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Delaware Public Archives (Hall of Records)

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Hall of Records
1938, Martin and Jeffers. 1998–2000, Moeckel Carbonell Associates. Legislative Ave. and Duke of York St.
  • Delaware Public Archives (Delaware Postcard Collection, University of Delaware Library, Newark, Del)
  • (Photograph by Matthew Aungst)

This was the second building in the modern capitol complex, one that remedied a notorious problem, the poor treatment of the state's historic archives. The Delaware Tercentenary (1938) brought attention to the value of these records, housed in cramped quarters in the Old State House basement (DV14). Wilmington architect Ralph Walbree Jeffers and then-assistant archivist Leon deValinger visited the National Archives and the new Maryland Hall of Records (1934–1935, Laurence Hall Fowler) to see the latest trends. Great Depressionera PWA funds made the hipped-roof, Colonial Revival brick building possible, with its many innovations, including vaults that featured a special air-conditioning and fumigation system. Fearing aerial bombardment during World War II, many state agencies moved their records here. Quarters became very cramped before the 80,000-square-foot addition was undertaken. DeValinger lived long enough to attend its topping-off ceremony.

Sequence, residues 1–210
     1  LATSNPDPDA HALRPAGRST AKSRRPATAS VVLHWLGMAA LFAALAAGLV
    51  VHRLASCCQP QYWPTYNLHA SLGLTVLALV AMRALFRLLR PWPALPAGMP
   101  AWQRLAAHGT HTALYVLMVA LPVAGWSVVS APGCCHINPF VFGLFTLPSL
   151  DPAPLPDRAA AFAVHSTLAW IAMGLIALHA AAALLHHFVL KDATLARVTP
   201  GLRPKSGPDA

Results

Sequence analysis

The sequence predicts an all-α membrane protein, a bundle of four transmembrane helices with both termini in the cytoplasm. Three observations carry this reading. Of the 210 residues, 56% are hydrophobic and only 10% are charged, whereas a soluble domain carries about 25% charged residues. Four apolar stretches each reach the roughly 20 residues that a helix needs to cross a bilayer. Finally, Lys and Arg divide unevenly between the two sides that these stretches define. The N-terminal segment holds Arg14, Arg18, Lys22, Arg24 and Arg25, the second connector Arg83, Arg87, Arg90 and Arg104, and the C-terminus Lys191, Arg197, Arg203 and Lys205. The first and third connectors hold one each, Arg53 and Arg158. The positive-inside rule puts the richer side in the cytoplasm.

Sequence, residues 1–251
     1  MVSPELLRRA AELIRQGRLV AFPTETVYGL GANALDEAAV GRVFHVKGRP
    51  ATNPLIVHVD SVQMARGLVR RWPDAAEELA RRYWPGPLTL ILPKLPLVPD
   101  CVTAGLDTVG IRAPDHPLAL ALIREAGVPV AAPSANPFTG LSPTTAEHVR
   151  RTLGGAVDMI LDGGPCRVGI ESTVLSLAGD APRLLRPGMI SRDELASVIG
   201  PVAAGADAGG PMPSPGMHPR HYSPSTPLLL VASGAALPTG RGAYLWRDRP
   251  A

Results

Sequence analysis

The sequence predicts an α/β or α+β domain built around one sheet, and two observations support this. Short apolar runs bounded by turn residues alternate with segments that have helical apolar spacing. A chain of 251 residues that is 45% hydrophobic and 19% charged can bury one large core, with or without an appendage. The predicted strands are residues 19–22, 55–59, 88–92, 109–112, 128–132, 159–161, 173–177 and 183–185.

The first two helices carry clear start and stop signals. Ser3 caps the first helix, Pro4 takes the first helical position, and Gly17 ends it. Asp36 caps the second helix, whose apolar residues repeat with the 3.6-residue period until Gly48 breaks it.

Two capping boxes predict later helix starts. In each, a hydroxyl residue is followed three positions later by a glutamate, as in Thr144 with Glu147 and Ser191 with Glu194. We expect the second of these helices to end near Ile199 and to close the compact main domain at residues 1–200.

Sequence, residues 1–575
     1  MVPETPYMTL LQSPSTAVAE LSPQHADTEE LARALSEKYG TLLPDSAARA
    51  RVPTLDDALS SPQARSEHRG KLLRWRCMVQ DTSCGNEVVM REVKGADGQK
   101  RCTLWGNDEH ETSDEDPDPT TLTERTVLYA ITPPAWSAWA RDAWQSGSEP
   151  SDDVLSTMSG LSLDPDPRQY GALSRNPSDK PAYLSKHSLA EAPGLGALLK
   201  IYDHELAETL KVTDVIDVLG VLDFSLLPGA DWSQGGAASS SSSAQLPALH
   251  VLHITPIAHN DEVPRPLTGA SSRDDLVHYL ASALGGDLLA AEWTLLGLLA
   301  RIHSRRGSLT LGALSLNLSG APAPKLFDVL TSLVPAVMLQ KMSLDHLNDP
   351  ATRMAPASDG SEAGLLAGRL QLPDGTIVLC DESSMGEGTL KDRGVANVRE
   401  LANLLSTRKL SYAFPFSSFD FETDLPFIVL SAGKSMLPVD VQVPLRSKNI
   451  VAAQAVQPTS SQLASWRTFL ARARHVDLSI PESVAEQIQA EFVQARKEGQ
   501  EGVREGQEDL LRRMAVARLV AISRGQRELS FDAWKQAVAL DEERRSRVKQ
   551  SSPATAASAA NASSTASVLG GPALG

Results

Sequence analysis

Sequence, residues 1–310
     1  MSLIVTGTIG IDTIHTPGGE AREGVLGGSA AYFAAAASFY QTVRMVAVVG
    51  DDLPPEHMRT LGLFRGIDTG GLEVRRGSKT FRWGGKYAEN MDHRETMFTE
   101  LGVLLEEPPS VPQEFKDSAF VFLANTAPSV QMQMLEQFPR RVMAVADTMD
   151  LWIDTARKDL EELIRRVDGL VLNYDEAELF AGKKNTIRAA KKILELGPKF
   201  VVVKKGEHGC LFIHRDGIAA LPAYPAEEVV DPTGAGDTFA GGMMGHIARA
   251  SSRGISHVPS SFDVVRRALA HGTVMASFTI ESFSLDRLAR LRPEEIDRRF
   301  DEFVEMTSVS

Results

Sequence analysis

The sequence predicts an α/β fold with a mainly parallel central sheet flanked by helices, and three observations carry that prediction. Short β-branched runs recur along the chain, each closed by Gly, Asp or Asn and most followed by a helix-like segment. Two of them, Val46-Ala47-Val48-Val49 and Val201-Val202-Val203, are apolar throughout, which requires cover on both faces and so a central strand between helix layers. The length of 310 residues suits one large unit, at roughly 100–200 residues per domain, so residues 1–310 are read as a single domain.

Writing Credits

W. Barksdale Maynard


What's Nearby


W. Barksdale Maynard, "Delaware Public Archives (Hall of Records)", [Dover, Delaware], SAH Archipedia, eds. Gabrielle Esperdy and Karen Kingsley, Charlottesville: UVaP, 2012—,

Print Source

Cover: Buildings of Delaware

Buildings of Delaware, W. Barksdale Maynard. Charlottesville: University of Virginia Press, 2008, 255-255.

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